Follow the way of love and eagerly desire gifts of the Spirit, especially prophecy.

(1 Corinthians 14:1 NIV)

Crocus flowers are like fuzzy purple floral forerunners who respond to the season change before the other flowers. That’s what New Testament prophecy makes possible –being the first to see what others miss in changing times and responding to it in faith.

Teach me your ways, Lord. Show me your paths. Lead me in the way everlasting. Let me run into the wind with joy.

Sorrow and Joy

From then on Jesus began to tell his disciples plainly that it was necessary for him to go to Jerusalem, and that he would suffer many terrible things at the hands of the elders, the leading priests, and the teachers of religious law. He would be killed, but on the third day he would be raised from the dead. (Matthew 16:21 NLT)

Sometimes I wonder what it must be like for people coming to Canada from tropical countries. If you have never seen it, would you believe it if someone told you, “There is a season coming when all the trees and plants and grasses will die? The world will be too cold for them to live and if you are not careful to find shelter and a source of heat you could die too. But don’t worry. After a few months of cold and long nights, they will come back to life again.”

I wonder if someone who has never heard of this or experienced it before would respond, “How exciting!’ or would they say, “No way! We will protect our gardens nd fields!” Many immigrants have told me their first winter was a shock and felt like it was never going to end.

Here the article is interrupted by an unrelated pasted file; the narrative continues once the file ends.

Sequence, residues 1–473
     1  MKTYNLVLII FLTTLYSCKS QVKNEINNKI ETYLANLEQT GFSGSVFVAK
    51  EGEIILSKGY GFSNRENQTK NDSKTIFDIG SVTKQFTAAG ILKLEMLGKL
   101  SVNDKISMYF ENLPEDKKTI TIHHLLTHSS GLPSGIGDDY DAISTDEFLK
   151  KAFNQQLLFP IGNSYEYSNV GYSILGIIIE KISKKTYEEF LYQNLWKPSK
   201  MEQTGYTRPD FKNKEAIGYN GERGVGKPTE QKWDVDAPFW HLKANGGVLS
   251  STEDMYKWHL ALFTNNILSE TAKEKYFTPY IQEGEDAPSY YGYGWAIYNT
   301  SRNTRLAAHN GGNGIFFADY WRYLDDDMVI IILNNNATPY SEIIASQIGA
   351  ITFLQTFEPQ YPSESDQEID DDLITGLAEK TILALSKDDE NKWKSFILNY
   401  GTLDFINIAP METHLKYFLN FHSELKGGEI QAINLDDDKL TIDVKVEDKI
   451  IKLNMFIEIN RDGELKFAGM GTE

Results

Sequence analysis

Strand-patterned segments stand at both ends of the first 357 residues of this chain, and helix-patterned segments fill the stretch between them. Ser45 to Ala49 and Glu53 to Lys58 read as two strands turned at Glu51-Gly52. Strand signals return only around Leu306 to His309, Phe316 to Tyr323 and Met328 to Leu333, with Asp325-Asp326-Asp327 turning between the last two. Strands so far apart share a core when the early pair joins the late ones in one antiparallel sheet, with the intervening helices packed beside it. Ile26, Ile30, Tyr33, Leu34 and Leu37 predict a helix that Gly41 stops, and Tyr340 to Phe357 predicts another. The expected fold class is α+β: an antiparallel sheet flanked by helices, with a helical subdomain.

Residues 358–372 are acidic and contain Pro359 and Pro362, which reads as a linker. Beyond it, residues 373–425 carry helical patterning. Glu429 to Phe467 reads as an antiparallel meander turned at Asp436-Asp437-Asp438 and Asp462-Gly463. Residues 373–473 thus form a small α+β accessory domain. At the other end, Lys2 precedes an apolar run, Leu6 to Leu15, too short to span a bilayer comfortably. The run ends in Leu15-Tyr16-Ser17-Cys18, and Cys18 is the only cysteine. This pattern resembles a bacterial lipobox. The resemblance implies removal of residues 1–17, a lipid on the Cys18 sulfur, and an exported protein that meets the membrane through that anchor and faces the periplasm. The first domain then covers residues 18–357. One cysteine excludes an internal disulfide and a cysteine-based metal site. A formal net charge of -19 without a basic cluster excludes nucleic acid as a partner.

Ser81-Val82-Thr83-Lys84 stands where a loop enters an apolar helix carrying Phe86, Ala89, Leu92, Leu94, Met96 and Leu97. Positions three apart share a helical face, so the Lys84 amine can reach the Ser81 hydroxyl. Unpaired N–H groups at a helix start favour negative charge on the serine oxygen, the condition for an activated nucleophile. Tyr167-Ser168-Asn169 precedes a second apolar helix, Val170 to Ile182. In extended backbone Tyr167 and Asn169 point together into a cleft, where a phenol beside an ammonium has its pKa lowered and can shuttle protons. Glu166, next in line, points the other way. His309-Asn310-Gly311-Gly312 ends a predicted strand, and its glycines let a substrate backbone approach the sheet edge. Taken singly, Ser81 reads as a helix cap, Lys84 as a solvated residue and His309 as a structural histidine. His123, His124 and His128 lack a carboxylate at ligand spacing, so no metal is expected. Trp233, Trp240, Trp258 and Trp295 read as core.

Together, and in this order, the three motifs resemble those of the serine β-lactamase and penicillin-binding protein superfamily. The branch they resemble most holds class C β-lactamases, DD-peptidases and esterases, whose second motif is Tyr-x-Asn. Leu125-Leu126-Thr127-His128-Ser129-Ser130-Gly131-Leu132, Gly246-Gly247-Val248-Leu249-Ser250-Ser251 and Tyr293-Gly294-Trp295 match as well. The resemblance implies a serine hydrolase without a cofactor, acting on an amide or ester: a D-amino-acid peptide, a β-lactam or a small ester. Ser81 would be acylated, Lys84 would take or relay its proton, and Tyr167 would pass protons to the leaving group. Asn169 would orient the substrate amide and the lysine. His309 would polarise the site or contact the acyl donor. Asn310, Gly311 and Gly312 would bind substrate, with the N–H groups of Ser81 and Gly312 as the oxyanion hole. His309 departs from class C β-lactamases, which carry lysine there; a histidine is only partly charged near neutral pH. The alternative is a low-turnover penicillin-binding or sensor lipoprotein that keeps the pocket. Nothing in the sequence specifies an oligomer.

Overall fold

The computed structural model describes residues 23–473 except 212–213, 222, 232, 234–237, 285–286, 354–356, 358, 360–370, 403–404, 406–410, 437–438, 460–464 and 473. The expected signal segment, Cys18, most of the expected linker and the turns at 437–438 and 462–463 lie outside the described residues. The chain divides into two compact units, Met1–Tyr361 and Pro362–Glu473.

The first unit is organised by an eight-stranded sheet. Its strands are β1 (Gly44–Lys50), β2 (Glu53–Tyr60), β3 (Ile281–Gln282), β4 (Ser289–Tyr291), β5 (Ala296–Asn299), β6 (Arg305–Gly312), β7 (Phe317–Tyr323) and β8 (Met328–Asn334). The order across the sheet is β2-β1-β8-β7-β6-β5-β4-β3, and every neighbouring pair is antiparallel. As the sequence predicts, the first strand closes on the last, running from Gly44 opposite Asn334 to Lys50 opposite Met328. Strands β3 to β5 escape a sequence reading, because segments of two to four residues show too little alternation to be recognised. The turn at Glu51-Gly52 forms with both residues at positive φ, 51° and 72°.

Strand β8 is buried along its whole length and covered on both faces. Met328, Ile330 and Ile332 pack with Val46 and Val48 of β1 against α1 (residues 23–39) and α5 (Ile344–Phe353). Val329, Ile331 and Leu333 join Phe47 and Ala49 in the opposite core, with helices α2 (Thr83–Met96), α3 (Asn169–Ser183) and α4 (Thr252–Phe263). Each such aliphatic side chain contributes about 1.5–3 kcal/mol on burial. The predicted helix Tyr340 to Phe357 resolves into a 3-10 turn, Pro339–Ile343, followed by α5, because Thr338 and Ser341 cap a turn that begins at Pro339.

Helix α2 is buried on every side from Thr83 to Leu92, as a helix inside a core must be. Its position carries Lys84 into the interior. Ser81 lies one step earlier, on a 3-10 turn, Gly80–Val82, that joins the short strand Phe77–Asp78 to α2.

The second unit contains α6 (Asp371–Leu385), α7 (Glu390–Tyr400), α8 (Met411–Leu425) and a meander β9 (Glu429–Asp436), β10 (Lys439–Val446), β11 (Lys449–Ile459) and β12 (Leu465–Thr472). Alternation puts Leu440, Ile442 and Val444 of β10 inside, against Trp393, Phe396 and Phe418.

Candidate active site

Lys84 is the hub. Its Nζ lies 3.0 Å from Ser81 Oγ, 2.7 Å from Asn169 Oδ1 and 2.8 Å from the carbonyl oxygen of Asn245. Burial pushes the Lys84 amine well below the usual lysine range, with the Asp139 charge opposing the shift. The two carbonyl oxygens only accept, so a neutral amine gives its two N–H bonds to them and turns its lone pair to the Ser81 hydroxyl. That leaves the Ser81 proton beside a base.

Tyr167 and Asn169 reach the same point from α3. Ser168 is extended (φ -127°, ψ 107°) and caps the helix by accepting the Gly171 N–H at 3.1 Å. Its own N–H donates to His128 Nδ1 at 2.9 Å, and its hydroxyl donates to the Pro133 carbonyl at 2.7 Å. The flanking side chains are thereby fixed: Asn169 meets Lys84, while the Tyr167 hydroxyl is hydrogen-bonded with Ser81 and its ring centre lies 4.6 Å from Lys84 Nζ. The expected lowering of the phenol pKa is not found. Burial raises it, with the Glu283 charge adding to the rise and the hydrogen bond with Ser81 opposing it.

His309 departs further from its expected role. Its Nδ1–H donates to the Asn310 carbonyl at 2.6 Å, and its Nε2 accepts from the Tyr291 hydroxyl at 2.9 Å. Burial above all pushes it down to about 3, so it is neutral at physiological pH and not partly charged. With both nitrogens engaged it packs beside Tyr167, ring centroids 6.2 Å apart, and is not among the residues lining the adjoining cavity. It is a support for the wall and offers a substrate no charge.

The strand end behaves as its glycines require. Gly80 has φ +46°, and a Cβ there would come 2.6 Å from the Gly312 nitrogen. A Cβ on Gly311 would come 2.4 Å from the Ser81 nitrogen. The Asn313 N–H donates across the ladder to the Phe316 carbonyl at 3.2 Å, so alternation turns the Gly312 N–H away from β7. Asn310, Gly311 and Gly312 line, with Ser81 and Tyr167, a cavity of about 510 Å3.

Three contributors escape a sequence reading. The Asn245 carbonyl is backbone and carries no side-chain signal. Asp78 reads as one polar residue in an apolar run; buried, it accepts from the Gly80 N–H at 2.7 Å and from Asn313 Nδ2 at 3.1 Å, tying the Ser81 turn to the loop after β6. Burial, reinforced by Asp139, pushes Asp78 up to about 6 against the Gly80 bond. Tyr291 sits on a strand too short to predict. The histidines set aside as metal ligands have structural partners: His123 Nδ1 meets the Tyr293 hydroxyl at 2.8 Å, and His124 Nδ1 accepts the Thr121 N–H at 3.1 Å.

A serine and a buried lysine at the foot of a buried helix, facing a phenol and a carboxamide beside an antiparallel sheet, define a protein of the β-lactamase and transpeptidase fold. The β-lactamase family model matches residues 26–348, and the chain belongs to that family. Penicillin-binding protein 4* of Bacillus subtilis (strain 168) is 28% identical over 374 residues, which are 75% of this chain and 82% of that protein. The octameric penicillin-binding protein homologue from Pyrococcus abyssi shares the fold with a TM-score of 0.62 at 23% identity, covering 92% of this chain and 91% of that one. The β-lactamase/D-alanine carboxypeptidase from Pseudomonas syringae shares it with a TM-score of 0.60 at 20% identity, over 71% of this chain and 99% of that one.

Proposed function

Jesus told his disciples clearly, and more than once, precisely what was going to happen. When it did, they were shocked and dismayed. For all his declarations that Jesus would not be mistreated and killed under his watch, Peter had to face the fact that he was dead wrong. Jesus was arrested, humiliated, abused, and killed. The shock was so traumatizing it took a time before they remembered that he told them he would be raised after three days.  But how? They still had no grid for that.

Yesterday, I passed by a vine-covered wall. There has been no sign of life on those bare branches for months. Now there is. What appeared to be dead is awakening to new life.

Today’s prompt word for Creative Meditations for Lent is Sorrow/Joy. Sometimes terrible things happen. We reel with the shock of photos of bodies in the streets in the Ukraine. We wail at the news of friends dying of Covid and other afflictions after we prayed with fervour and declared they would not die. We make plans for next week, next year, and the next decades and deny as much as possible that we live in mortal bodies that 1 Corinthians 15 reminds us are perishable, even though as believers in Christ we are promised eternal life.

Perhaps the lesson we can learn from new green leaves on a bare vine is this: Even though we have no grid for resurrection from the dead in new bodies, it will happen. There is more to the passage on running the race than I quoted earlier this week.

Therefore, since we are surrounded by such a great cloud of witnesses, let us throw off everything that hinders and the sin that so easily entangles. And let us run with perseverance the race marked out for us, fixing our eyes on Jesus, the pioneer and perfecter of faith.

For the joy set before him he endured the cross, scorning its shame, and sat down at the right hand of the throne of God. Consider him who endured such opposition from sinners, so that you will not grow weary and lose heart. (Hebrews 12: 1-3)

Oh, how I love the spring! What a harbinger of much greater joy!

Hope

“I pray that God, the source of all hope, will infuse your lives with an abundance of joy and peace in the midst of your faith so that your hope will overflow through the power of the Holy Spirit.”

(Romans 15:13 The Voice)

Photography has taught me to look for the beautiful in the midst of the ugly. Faith is teaching me to see joy and peace in the midst of a world full of anger and fear. It doesn’t deny the dead and decaying, but when it is focused on the lovely, and the good and the true that say, “Look! New Life!” faith creates a portrait of hope.